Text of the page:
SEOUL (Reuters) - South Korea’s Environment Minister Maanee Lee said on Thursday a U.N. meeting in Copenhagen may not reach an agreement, although Asia’s fourth-largest economy will play a “bridging” role between developed and developing nations.
In December nearly 200 nations will meet in Copenhagen to wrap a broader agreement to replace the Kyoto protocol and bind big developing nations and the United States to emissions curbs.
But it is said to be at risk of failure as poorer nations will not commit to emissions curbs unless the rich do much more to rein in carbon pollution. Under the Kyoto Protocol, only 37 industrialised nations are committed to cutting emissions by an average of about 5 percent from 1990 levels between 2008-2012.
“It is true that China, India and newly industrializing nations have wide, different opinions, strongly requiring financial and technical support from the Annex I industrialised nations ... We see such demand reasonable,” Lee said in an interview as part of the Reuters’ Climate Change and Alternative Energy Summit.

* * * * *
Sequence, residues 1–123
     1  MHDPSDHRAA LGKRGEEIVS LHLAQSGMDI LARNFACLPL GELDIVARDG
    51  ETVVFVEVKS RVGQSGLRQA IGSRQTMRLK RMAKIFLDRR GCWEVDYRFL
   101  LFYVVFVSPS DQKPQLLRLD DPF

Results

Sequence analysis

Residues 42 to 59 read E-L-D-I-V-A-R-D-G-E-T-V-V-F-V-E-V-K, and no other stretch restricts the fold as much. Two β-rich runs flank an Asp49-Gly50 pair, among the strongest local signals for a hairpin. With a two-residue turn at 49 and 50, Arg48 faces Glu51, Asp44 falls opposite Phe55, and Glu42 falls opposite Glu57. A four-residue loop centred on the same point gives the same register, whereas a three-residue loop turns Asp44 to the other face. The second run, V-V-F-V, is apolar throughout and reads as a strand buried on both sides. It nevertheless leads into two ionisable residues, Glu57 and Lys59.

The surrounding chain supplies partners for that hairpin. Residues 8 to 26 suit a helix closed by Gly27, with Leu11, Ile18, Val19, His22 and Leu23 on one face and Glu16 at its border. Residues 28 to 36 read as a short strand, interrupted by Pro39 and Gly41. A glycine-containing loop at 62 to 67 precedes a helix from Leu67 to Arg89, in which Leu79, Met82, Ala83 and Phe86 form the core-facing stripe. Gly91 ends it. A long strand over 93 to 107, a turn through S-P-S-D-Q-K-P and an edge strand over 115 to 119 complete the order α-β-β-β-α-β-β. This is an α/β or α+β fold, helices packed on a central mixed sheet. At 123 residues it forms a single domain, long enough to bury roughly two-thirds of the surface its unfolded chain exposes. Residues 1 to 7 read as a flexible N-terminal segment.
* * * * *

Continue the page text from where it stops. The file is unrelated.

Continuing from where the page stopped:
“It is hard to be optimistic about the (Copenhagen) meeting ... and hard to see if the meeting will have a result.”
But Lee said South Korea, Asia’s fourth largest economy, will play a “bridging” role between developed and developing countries in the international meeting to bring the best results.
“I can clearly emphasize that Korea will lead efforts to reduce the greenhouse gas emission and do its best to reduce damages (from emissions),” he said, adding Korea would actively participate in international carbon trading from 2012.
The U.N. Environment Programme recently accredited Korea’s green growth efforts. Korea will invest 107 trillion won ($87.45 billion), or 2 percent of its annual GDP, in environment-related industries over the next five years.
The country with the fastest emission growth among OECD members pledged last month to set a 2020 emissions reduction target. It set a range of targets, using 2005 as its base, from an 8 percent increase to a 4 percent fall by 2020 and will decide this year which option it will pursue.
South Korea’s emissions doubled in the 15 years to 2005.
“With aiming high, the environment ministry hopes to set up a target as high as possible to meet. We prefer the 4 percent fall option,” Lee said.
He added the world’s fifth-largest buyer of crude and second-largest buyer of liquefied natural gas (LNG) will increase its consumption of renewable and nuclear energy resources. The government wants to raise renewable energy consumption to 11 percent of total consumption by 2030 from 2.5 percent in 2008.
Additional report by Alister Doyle, Environment Correspondent in Oslo; Editing by Jon Loades-Carter